NAPOSKI v. “John Doe”, Defendant.

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Supreme Court, Appellate Division, First Department, New York.

Eric NAPOSKI, Plaintiff-Appellant, v. AU BAR, Defendant-Respondent, “John Doe”, Defendant.

Decided: April 27, 2000

SULLIVAN, P.J., NARDELLI, TOM, WALLACH and SAXE, JJ. Stavros E. Sitinas, for Plaintiff-Appellant. Barry K. Myrvold, for Defendant-Respondent.

Order, Supreme Court, New York County (Harold Tompkins, J.), entered on or about July 16, 1999, which, in an action against a nightclub owner for injuries plaintiff allegedly sustained in a physical altercation on defendant's premises, granted defendant-respondent's motion for summary judgment dismissing the complaint, unanimously affirmed, without costs.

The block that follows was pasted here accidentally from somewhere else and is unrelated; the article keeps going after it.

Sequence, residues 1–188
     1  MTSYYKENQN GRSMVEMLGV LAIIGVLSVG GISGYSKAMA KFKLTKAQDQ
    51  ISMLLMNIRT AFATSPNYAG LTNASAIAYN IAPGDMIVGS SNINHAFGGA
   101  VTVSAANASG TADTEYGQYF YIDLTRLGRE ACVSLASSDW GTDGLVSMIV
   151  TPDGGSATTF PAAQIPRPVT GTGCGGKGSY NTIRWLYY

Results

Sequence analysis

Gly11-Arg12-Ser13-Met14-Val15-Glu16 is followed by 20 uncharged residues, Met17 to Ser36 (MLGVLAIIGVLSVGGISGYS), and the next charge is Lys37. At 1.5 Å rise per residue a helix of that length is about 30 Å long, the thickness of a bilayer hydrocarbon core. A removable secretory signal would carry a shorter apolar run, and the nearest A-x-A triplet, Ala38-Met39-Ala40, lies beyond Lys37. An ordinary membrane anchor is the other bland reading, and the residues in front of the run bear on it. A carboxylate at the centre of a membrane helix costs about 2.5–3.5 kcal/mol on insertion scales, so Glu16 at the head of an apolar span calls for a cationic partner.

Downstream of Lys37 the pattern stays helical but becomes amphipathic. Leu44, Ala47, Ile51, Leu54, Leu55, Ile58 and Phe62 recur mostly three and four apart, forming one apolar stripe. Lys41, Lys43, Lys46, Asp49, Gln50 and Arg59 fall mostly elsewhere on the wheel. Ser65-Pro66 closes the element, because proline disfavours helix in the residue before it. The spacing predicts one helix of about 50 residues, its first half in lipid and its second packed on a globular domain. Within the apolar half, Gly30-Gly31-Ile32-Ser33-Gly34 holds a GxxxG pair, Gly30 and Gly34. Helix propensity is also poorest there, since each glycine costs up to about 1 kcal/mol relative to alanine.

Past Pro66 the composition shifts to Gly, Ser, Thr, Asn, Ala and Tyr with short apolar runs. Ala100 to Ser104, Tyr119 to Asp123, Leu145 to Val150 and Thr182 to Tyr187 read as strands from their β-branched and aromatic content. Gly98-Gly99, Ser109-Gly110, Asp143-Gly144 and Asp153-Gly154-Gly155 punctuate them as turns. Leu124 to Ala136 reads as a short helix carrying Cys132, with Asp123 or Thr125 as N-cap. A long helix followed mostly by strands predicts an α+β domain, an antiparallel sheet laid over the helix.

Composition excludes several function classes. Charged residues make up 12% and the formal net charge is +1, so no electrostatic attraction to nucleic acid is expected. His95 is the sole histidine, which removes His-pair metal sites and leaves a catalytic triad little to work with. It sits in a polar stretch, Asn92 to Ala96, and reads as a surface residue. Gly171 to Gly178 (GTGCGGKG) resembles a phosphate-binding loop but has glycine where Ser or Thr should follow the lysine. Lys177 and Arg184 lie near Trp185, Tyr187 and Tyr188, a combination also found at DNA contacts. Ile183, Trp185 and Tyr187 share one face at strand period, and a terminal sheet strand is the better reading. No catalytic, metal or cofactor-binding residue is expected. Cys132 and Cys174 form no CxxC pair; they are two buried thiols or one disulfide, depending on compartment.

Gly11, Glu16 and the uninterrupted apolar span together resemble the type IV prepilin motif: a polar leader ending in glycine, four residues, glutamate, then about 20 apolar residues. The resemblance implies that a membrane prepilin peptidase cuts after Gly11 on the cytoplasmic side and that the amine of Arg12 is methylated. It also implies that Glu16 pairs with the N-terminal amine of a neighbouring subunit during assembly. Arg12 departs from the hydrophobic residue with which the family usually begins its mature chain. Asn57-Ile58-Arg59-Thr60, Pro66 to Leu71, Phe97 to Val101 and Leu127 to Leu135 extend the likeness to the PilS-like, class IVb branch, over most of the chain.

To the extent the action is based on the failure of defendant's security staff to restrain plaintiff's attacker after the attack began and before plaintiff sustained his injuries, defendant's security guard testified to facts sufficient to show that defendant's security staff acted properly, while plaintiff admitted at his deposition that he does not know what steps, if any, the security guards took to restrain the attacker.   The assertions in plaintiff's affidavit contradicting his admission of lack of knowledge at the deposition do not raise a genuine issue of fact as to the propriety of the security guards' actions, and are insufficient to defeat the summary judgment motion (see, Kistoo v. City of New York, 195 A.D.2d 403, 404, 600 N.Y.S.2d 693).   We note that on appeal plaintiff no longer argues that defendant's employees had reason to foresee, and thus a duty to prevent, the alleged initial attack on plaintiff (see, Rivera v. 21st Century Rest., 199 A.D.2d 14, 15, 604 N.Y.S.2d 106, citing Camacho v. Edelman, 176 A.D.2d 453, 454, 574 N.Y.S.2d 356).